For the neurocognitive variables, there were no significant main effects (using ANOVA) for the NAB Total Index (p = .761) or for the five NAB Indexes (range: p = .138–.810). Pairwise comparisons revealed no significant differences between groups, though there were a number of meaningful effect sizes. There was a trend for the PCS-present group to have better scores on the Language Index compared with the PCS-absent group (d = 0.50, medium effect size). There was a trend for the PCS-absent group to have better scores on the Attention, Memory, and Language Indexes compared with the TC group (d = 0.25–0.34, small–medium effect sizes).

Comparison of the prevalence of the number of low neurocognitive scores was undertaken by considering all 23 individual NAB measures simultaneously. The cumulative percentages of the number of low scores (using <16th and <10th percentile as cutoff scores) by group are presented in Table 4. Using χ2 analyses, there were no significant differences in the percentage of patients that had multiple low scores across groups. However, there were a number of notable comparisons that approached significance. Using a <16th percentile cutoff score: (a) 15.0% of PCS-present group had 3 or more low scores, compared with 38.5% of PCS-absent group (p = .056), and 33.3% of TC group; and (b) 40.0% of PCS-present group had 2 or more low scores, compared with 66.7% of TC group (p = .053), and 57.7% of PCS-absent group. Therefore, there was a trend for the PCS-present group to perform better across the battery of neuropsychological tests than the other two groups.

Table 4.

Base rate of low neurocognitive scores by group

Number of Low Scores <16th percentile
 
<10th percentile
 
1. MTBI PCS-absent (%) 2. MTBI PCS-present (%) 3. Trauma ctrl (%) Percent diff. (%)
 
1. MTBI PCS-absent (%) 2. MTBI PCS-present (%) 3. Trauma ctrl (%) Percent diff. (%)
 
1 versus 2 1 versus 3 2 versus 3 1 versus 2 1 versus 3 2 versus 3 
9 low scores — — 2.8 — 2.8 2.8 — — — — — — 
8 or more 1.9 — 2.8 1.9 0.9 2.8 — — 2.8 — 2.8 2.8 
7 or more 3.8 5.0 2.8 1.2 1.0 2.2 — 5.0 2.8 5.0 2.8 2.2 
6 or more 5.8 5.0 2.8 0.8 3.0 2.2 — 5.0 2.8 5.0 2.8 2.2 
5 or more 13.5 10.0 11.1 3.5 2.4 1.1 1.9 5.0 2.8 3.1 0.9 2.2 
4 or more 28.8 10.0 25.0 18.8 3.8 15.0 9.6 5.0 8.3 4.6 1.3 3.3 
3 or more 38.5 15.0 33.3 23.5 5.2 18.3 23.1 10.0 16.7 13.1 6.4 6.7 
2 or more 57.7 40.0 66.7 17.7 9.0 26.7 46.2 25.0 38.9 21.2 7.3 13.9 
1 or more 76.9 85.0 77.8 8.1 0.9 7.2 65.4 55.0 58.3 10.4 7.1 3.3 
0 scores 100 100 100 — — — 100 100 100 — — — 
Number of Low Scores <16th percentile
 
<10th percentile
 
1. MTBI PCS-absent (%) 2. MTBI PCS-present (%) 3. Trauma ctrl (%) Percent diff. (%)
 
1. MTBI PCS-absent (%) 2. MTBI PCS-present (%) 3. Trauma ctrl (%) Percent diff. (%)
 
1 versus 2 1 versus 3 2 versus 3 1 versus 2 1 versus 3 2 versus 3 
9 low scores — — 2.8 — 2.8 2.8 — — — — — — 
8 or more 1.9 — 2.8 1.9 0.9 2.8 — — 2.8 — 2.8 2.8 
7 or more 3.8 5.0 2.8 1.2 1.0 2.2 — 5.0 2.8 5.0 2.8 2.2 
6 or more 5.8 5.0 2.8 0.8 3.0 2.2 — 5.0 2.8 5.0 2.8 2.2 
5 or more 13.5 10.0 11.1 3.5 2.4 1.1 1.9 5.0 2.8 3.1 0.9 2.2 
4 or more 28.8 10.0 25.0 18.8 3.8 15.0 9.6 5.0 8.3 4.6 1.3 3.3 
3 or more 38.5 15.0 33.3 23.5 5.2 18.3 23.1 10.0 16.7 13.1 6.4 6.7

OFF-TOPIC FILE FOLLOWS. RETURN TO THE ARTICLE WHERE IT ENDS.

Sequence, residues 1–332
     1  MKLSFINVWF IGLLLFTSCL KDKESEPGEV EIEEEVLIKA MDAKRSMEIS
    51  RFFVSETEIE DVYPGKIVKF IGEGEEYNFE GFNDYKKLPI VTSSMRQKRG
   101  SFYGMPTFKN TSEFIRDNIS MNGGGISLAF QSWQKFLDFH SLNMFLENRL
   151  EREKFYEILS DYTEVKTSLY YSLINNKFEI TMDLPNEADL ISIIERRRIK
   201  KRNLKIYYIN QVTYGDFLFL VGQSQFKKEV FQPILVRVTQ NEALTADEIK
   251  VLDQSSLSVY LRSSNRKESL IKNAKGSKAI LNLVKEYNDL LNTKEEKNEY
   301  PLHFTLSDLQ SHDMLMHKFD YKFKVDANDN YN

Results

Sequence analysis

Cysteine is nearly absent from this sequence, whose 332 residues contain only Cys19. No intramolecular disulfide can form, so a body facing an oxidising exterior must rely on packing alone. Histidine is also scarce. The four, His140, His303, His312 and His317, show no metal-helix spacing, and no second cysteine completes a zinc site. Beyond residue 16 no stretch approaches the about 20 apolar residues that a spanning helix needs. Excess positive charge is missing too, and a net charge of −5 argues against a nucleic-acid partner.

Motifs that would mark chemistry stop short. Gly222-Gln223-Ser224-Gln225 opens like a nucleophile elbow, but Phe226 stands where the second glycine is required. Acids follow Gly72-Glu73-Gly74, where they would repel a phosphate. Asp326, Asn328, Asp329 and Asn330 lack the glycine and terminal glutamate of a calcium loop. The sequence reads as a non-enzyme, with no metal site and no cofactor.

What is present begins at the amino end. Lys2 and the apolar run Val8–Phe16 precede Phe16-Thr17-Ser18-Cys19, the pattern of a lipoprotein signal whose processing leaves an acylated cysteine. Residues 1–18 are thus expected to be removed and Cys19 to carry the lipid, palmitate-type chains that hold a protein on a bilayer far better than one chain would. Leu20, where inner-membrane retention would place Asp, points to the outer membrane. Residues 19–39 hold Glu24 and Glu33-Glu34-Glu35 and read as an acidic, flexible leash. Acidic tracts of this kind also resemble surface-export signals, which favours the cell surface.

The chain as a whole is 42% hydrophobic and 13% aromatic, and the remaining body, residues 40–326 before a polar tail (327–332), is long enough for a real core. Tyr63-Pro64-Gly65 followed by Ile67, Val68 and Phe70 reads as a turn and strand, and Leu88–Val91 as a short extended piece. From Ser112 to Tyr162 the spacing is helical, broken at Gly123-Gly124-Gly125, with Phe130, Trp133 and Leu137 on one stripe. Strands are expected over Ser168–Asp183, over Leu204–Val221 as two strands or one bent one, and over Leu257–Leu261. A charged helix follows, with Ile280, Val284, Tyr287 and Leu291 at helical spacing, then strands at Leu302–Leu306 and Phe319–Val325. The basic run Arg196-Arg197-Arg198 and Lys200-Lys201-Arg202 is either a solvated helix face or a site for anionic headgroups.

2 or more 57.7 40.0 66.7 17.7 9.0 26.7 46.2 25.0 38.9 21.2 7.3 13.9 
1 or more 76.9 85.0 77.8 8.1 0.9 7.2 65.4 55.0 58.3 10.4 7.1 3.3 
0 scores 100 100 100 — — — 100 100 100 — — — 

Notes: N = 108 (mild TBI PCS-absent, n = 52; mild TBI PCS-present, n = 20; TC, n = 36).

Diffusion Tensor Imaging

Tract-based spatial statistics analysis

The TC group was compared with the PCS-absent group on DTI measures of FA, MD, AD, and RD using TBSS. There were no statistically significant differences (using t-tests) between the groups in FA, MD, AD, or RD at the p < .05 level.

TBSS comparisons between the PCS-present group and the TC group revealed multiple areas of significant differences (using t-tests) in MD and RD. RD was significantly increased (p < .05) in the PCS-present group in widespread areas including the genu, body, and splenium of the corpus callosum; bilateral anterior, superior, and posterior corona radiata; bilateral superior longitudinal fasciculus; bilateral cingulum; bilateral posterior thalamic radiations; bilateral anterior limb of the internal capsule; and bilateral external capsule (see Fig. 1). MD values were also significantly increased (p < .05) in the PCS-present group in the genu and body of the corpus callosum, bilateral superior corona radiata, right anterior corona radiata, right anterior and posterior limb of the internal capsule, and the right superior longitudinal fasciculus (see Fig. 2). No significant differences were observed for AD values, although a trend (p < .10) of decreased FA in the PCS+ group was noted in multiple regions (data not shown).

Fig. 1.

Tract-based spatial statistics lightbox comparing MTBI-PCS-present patients and controls on RD. Voxels highlighted in yellow/orange indicated areas of significant increase in RD at the p< .05 level in the MTBI-PCS-present patients. Neuroanatomical areas where significant increases were noted include the genu, body, and splenium of the corpus callosum, bilateral anterior, superior and posterior corona radiata, bilateral superior longitudinal fasciculus, bilateral cingulum, bilateral posterior thalamic radiations, bilateral anterior limb of the internal capsule, and bilateral external capsule.

Fig. 1.